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St. Barnabas, Bishop Patteson Memorial Church

Source: The Illustrated London News, March 12, 1881

View of the Consecration of St. Barnabas Church on Norfolk Island

  1. Exterior of the Church, with congregation assembling
  2. Reading the Request of the Trustees for Consecration
  3. The Bishop of Melaneria (the Right Rev. J. R. Selwyn).
  4. Native Students of Melanesian Church Mission

Consecration of the Bishop Patteson Memorial Church (St. Barnabas), Norfolk Island

The lamented death, in 1871, of John Coleridge Patteson, Bishop of the Missionary Diocese of Melanesia, is a striking incident of the history of religious and philanthropic enterprise. He was cruelly slain, probably under a mistaken impression of the object of his visit, by the savage natives of Santa Cruz, one of the small islands in the Western Pacific Ocean, belonging to what, is called the Melanesian group, a name derived from the blackish colour of its population, who are of the Papuan negroid race. He had been appointed first Bishop of Melanesia, a diocese created by the efforts of the late Bishop of New Zealand, the Right Rev. Dr. Selwyn. afterwards Bishop of Lichfield. A son of that eminent prelate is John Richardson Selwyn, who now holds the Melanesian Bishopric. This Episcopal See, with the head-quarters of the mission, is fixed, at Norfolk island, where a church has lately been erected, and dedicated to St. Barnabas, which will serve both as a memorial of Bishop Patteson and as a collegiate chapel. It is externally not a very imposing edifice; the walls are chiefly built of coarse native sandstone, but the upper part of these walls, on two sides, has been constructed of wood, and they are only 17 ft. high; while the west front and porch have no pretensions to beauty. The interior, however, is described as having a considerable degree of elegance and dignity; the inner walls are of white hewn stone, laid in alternate courses, which has a very good effect; while the high-pitched open roof, of Norfolk Island pine with Kauri planking, rises to a fair elevation. The nave is 54 ft. long by 27 ft. 6 in. wide; there are two small transepts, used as a vestry and organ-chamber; and an apsidal chancel, 24ft. wide, which is beautifully decorated. The steps to the chancel are of black Devonshire marble, and it is paved with marble of two colours in an ornamental pattern. The reredos, of black walnut, with mosaic panels, the five pointed windows of stained glass, representing Christ and the four Evangelists, the fine organ, the font, and other furniture of this church, are handsome accessories to the building.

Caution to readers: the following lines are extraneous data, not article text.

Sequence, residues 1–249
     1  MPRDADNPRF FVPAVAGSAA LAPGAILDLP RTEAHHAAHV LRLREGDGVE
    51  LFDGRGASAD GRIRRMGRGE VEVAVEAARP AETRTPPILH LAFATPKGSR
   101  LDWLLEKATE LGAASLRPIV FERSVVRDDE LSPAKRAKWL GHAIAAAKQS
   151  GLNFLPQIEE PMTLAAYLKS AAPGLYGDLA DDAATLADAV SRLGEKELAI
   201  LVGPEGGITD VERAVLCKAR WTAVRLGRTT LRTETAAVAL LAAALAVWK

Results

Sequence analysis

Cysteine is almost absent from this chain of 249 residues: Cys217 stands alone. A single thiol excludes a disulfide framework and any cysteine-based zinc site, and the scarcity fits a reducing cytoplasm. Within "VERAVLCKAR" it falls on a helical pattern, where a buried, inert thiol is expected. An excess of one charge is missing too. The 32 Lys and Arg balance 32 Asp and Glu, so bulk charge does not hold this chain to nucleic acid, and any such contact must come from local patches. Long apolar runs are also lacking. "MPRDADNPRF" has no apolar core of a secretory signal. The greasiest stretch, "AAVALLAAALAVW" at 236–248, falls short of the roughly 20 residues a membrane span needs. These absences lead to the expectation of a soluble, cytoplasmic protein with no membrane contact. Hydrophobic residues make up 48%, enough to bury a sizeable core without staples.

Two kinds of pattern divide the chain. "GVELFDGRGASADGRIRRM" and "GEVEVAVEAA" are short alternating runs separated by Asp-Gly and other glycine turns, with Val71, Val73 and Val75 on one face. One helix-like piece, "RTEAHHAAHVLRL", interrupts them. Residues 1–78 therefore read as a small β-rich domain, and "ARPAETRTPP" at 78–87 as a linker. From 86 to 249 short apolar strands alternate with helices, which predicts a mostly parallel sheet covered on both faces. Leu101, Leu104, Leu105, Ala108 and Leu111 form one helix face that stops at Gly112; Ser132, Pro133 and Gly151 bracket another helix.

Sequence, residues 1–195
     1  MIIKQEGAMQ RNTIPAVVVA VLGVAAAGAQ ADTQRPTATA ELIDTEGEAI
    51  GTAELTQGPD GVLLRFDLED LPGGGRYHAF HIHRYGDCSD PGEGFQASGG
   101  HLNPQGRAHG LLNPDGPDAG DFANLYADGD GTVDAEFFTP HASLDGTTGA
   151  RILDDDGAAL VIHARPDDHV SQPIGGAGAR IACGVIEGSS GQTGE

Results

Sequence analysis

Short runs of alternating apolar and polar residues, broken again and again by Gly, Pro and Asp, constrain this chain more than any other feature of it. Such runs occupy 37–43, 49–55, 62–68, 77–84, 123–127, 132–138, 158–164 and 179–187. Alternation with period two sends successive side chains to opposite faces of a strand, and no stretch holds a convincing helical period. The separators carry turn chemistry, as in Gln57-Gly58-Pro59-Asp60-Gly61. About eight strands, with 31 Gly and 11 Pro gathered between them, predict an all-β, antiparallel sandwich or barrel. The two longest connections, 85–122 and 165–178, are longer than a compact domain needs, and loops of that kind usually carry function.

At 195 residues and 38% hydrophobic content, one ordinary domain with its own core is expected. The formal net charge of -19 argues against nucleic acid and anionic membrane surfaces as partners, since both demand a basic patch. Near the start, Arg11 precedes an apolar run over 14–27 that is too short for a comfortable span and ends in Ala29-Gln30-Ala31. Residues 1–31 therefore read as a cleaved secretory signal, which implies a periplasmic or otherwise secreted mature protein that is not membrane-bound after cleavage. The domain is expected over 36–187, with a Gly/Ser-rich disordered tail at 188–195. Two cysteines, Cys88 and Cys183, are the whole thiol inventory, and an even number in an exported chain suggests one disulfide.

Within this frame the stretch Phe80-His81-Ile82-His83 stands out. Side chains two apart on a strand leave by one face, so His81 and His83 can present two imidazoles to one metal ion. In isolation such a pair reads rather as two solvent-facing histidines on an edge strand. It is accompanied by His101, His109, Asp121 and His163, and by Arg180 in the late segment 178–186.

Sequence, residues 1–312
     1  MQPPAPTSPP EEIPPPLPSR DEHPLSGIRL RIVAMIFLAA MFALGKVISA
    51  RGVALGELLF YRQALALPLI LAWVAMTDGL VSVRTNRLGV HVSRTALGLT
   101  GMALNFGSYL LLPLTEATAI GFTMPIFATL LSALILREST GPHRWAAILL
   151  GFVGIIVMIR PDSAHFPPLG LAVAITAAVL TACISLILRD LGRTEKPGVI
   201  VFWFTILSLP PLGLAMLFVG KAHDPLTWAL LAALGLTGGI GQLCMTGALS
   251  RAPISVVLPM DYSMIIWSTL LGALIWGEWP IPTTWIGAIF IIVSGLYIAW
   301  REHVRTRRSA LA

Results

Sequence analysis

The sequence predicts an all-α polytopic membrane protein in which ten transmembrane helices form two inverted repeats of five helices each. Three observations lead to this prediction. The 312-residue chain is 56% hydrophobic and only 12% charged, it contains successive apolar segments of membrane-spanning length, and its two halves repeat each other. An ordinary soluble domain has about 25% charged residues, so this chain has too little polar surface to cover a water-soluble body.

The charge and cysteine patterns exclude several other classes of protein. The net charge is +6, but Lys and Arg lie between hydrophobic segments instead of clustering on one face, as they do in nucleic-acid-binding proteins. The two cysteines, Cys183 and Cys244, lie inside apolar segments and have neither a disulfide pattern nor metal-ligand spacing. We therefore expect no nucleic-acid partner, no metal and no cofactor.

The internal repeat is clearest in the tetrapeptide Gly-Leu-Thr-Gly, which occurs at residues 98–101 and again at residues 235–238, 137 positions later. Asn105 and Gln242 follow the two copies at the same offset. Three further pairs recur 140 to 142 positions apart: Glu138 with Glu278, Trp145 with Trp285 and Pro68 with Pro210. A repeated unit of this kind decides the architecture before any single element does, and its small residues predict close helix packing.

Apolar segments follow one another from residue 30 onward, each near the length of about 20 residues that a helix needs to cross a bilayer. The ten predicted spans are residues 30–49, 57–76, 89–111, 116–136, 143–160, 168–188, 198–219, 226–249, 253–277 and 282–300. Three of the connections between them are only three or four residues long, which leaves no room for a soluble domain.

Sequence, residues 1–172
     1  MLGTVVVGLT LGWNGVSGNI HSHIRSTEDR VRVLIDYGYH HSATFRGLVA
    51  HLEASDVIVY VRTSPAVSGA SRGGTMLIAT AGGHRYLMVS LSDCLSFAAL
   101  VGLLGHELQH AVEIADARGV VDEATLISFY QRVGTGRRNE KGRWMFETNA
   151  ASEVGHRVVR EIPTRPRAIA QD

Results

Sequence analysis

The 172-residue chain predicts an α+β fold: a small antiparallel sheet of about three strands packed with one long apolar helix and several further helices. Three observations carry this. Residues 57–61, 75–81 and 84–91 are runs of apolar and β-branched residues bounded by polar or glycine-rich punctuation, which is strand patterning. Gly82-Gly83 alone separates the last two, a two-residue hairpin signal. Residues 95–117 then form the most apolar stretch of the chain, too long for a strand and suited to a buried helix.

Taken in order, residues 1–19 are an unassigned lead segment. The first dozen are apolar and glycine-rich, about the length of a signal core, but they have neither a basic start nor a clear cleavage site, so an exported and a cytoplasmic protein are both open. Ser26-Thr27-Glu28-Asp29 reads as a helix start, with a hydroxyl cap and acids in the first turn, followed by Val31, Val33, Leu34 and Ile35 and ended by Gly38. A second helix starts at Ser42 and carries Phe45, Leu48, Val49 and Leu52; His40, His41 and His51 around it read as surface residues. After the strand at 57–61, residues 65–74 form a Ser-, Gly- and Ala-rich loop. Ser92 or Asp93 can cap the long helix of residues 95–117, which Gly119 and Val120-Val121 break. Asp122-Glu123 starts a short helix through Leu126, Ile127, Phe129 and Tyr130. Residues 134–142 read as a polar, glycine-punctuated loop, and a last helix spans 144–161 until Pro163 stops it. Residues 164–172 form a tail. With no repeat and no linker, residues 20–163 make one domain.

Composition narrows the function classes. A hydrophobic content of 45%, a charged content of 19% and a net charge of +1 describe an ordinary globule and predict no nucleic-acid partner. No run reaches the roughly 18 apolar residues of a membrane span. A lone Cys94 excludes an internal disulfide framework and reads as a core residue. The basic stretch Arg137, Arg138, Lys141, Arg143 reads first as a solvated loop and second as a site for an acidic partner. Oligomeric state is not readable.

We present a page of Sketches, by the Rev. Philip Walsh, showing the church, outside and inside, with the clergy and congregation assembled on Dec. 7. for the consecration service. Amongst these were Bishop J. R. Selwyn. of Melanesia; Bishop Stuart, of Waiapu, New Zealand; archdeacon Maunsell, of Waitemata; the Rev. G. H. Nobbs, Colonial chaplain, the Rev. Dr. Kinder, and some other clergymen: Mr. Mills, M.P. for Exeter; Lieutenant Mills, R. E., and many other visitors, besides the members and native scholars of the Melanesian Mission. The Bishop of Melanesia having taken his seat, Mr. J. R. Upton, trustee of the Mission property, advanced to the chancel steps, and read a request that the church might be consecrated. The Bishop having read his consent, the clergy marched round the interior of the building, repeating the 115th Psalm, "Not unto us, O Lord, but to Thy Name give the praise." The consecration service, which was in the Mota language, was then proceeded with by Bishop Selwyn taking the principal part; after which, came the morning prayer and the communion service. The sermon, from the text, Isaiah liii. 2, was preached by the Rev. B. T. Dudley, Incumbent of St. Sepulchre's, Auckland, formerly some years with the Mission. At the end of the service a hymn was sung, which had been composed for the occasion.